Apr 6, 2011

If You Want To Support Teachers, Give Them Tools To Accomplish Their Goals

Tony Pedriana worked for over thirty years as a teacher, principal, and mentor in Milwaukee's central city. During his career as an educator, he has focused on improved pedagogy and professional development for teachers in reading. He is the author of “Leaving Johnny Behind: Overcoming Barriers to Literacy.”
Ubiquitous among the pages of the StudentsFirst website is its appeal for increased teacher quality.  Some would view that as an indictment of the current teacher corps, and in some instances, it might well be the case.  But for the vast majority, it is perhaps the most powerful expression of teacher advocacy one could ever imagine.  What better way to show support for teachers than to demand that the educational establishment provide them with the best tools available to meet their goals for children?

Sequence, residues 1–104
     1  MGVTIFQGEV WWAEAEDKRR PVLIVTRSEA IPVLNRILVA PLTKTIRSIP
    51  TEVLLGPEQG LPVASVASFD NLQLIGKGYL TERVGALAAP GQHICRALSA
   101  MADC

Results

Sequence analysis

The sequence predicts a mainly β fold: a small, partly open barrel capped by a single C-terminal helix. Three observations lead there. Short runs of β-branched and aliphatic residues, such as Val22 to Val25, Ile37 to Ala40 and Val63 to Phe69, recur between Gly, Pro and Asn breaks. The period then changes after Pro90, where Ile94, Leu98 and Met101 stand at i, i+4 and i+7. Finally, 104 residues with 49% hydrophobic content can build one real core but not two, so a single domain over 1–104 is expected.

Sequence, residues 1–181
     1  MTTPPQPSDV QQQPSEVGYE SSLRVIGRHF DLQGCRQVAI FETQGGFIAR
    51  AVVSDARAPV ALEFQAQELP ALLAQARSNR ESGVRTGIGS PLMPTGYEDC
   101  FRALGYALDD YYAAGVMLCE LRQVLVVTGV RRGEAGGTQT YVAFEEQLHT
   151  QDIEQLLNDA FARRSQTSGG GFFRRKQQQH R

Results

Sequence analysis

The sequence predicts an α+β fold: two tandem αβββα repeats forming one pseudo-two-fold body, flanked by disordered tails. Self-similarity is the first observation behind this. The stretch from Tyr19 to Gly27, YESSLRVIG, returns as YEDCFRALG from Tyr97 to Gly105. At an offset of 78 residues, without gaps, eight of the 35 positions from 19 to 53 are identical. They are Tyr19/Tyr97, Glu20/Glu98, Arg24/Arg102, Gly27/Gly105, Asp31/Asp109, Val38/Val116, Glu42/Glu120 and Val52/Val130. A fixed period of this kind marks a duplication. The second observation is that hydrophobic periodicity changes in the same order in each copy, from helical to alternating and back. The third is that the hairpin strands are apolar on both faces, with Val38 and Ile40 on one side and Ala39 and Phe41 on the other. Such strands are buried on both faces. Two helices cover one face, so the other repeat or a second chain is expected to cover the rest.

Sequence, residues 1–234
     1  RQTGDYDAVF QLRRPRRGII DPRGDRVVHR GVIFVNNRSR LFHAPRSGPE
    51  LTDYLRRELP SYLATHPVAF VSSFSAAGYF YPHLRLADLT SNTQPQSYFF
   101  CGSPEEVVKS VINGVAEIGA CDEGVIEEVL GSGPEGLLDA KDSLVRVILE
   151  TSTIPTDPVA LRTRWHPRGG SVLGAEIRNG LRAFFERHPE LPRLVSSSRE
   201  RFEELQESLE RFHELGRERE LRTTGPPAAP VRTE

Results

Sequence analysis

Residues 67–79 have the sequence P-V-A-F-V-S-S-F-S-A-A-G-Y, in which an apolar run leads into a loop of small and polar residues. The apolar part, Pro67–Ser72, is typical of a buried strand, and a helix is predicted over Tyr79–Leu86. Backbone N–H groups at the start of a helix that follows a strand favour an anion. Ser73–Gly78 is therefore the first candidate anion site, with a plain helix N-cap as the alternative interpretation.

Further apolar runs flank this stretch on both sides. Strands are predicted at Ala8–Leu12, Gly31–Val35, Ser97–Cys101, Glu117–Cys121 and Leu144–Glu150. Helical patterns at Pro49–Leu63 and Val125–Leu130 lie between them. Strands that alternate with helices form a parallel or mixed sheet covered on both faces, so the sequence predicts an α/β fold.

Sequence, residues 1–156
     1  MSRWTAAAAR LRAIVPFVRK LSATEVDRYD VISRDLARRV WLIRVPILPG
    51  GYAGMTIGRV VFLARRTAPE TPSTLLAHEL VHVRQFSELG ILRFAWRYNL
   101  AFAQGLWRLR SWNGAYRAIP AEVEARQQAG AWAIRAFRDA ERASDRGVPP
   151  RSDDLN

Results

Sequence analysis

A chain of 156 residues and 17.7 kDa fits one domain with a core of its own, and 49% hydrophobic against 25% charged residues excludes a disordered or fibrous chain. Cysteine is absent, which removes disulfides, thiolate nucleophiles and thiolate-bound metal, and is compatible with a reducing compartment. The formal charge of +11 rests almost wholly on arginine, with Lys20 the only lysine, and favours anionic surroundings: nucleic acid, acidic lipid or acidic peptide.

Such advocacy would have served me well during my working years, especially with regard to reading.  Even though I had a license to teach in every grade, another that qualified me as a reading specialist, and yet another as an elementary school principal, I remained blissfully ignorant of a knowledge base that could have served my inner city kids to a far greater extent. 
It wasn’t until I took it upon myself to look beyond the conventional wisdom of reading pedagogy that I discovered that rigorous science, replicated by distinguished scholars over some five decades, had shown quite elegantly how we could teach all children to read, regardless of life circumstance.  And yet such reading science was conspicuous by its absence from virtually all of my pre and post-service training.
In its call for increased teacher quality, StudentsFirst is looking to change such a dynamic, one in which teachers are denied the product of legitimate science, then cast as the default scapegoat for student failure.  In this age of accountability, one couldn’t ask for a better expression of support.      

No comments:

Post a Comment